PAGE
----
Sermon Synopsis for 10 a.m. Easter Sunday Service April 1

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We’re all familiar with the adage, “This is going to hurt me more than it is you.” What are we talking about? Exactly! – applying the board of education to the seat of our children’s pants. When I was a kid and on the receiving end of this parental non-sequitur, I didn’t buy it. I remember being the one who was crying and nursing my wounded butt. I never saw my mom or dad do either, following one of our family bonding times.

However, when I became a parent and assumed my new role as giver instead of receiver, I began to see discipline a tad differently. When my only son, Andy, would misbehave, I’d send him off to his room for 15 minutes with the instruction, “I want you to think about what you just did.” What he didn’t know is that I was the one who needed that de-escalation time to recapture my cool – so I wouldn’t be arrested for murder.

After I had regained my composure, I’d go into Andy’s room and ask for his version of what had just gone down. Usually, he proved largely accurate. Then I’d ask him if he needed to apologize to anyone. Sometimes he’d name a person or two (and when our bonding time was eventually over, we’d follow-through with those apologies).

There was one Person, however, to Whom he always needed to offer an apology; because every offense is first and foremost a sin against God. So, Andy and I would spend the next few moments praying together so he could apologize to God and ask for His forgiveness. Then I’d say to Andy, “Given your offense, what do you think would be fair and equal pain-ishment?” Typically, he’d say he deserved a spanking. I obliged – but always with the sense of hating it! for beyond my disappointment over his misbehavior, I realized He disappointed His Heavenly Father even more.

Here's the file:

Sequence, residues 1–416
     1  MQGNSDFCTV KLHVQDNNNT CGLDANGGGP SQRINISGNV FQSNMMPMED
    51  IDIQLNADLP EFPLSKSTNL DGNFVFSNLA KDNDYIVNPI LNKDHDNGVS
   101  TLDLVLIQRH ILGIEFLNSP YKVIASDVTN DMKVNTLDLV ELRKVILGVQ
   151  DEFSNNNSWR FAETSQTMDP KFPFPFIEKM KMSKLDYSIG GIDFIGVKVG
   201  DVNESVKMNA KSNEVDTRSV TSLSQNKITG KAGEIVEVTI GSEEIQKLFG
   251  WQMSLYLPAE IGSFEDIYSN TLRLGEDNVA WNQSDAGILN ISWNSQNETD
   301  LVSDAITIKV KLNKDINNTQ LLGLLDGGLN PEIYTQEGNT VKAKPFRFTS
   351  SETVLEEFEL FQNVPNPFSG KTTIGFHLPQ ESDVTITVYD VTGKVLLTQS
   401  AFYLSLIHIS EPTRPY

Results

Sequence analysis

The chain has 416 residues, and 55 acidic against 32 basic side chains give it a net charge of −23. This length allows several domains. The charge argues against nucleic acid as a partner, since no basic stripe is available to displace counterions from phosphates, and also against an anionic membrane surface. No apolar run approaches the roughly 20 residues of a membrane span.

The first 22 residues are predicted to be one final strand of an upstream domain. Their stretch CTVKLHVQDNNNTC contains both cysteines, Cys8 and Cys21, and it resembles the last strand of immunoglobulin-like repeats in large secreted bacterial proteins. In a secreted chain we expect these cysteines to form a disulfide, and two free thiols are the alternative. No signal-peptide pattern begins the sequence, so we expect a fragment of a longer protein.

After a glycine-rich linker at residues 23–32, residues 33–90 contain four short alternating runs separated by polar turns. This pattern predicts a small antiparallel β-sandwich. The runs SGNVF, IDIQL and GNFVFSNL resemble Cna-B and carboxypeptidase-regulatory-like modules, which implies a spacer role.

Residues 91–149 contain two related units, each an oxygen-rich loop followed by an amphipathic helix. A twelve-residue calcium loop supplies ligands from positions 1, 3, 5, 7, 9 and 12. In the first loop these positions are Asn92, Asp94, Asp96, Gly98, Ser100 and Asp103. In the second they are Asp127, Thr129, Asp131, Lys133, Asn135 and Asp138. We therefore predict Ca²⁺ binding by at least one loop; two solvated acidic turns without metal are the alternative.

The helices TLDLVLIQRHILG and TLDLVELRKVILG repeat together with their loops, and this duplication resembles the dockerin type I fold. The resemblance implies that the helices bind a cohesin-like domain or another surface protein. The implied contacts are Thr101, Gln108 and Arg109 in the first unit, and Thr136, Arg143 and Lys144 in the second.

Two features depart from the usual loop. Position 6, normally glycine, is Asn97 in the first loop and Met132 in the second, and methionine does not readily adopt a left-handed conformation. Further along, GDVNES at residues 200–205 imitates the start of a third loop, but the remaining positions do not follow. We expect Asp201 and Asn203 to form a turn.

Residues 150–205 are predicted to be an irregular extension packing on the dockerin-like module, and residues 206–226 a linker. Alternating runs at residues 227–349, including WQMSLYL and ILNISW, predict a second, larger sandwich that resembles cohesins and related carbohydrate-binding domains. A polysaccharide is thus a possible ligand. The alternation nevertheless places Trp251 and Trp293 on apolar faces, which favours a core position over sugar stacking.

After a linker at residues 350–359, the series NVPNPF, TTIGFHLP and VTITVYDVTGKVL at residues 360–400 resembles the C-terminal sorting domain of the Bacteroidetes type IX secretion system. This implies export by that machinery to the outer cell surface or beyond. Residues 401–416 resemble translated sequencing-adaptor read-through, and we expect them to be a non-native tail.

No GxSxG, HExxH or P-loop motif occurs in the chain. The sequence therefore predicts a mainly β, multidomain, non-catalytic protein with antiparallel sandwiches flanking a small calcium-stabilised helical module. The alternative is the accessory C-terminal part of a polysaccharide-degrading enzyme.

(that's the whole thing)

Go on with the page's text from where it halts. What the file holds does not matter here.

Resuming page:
I discovered early on in parenthood the meaning to, “This is going to hurt me more than it is you.” It’s because of this natural, parental heartache over disciplining our children that leads us, on this otherwise joyful Easter morning, to probe a Biblical passage that often baffles even the sincerest Christian. Why not come out this Resurrection morn to hear more on this subject in a sermon I’ve entitled, “A Delightful Death.”

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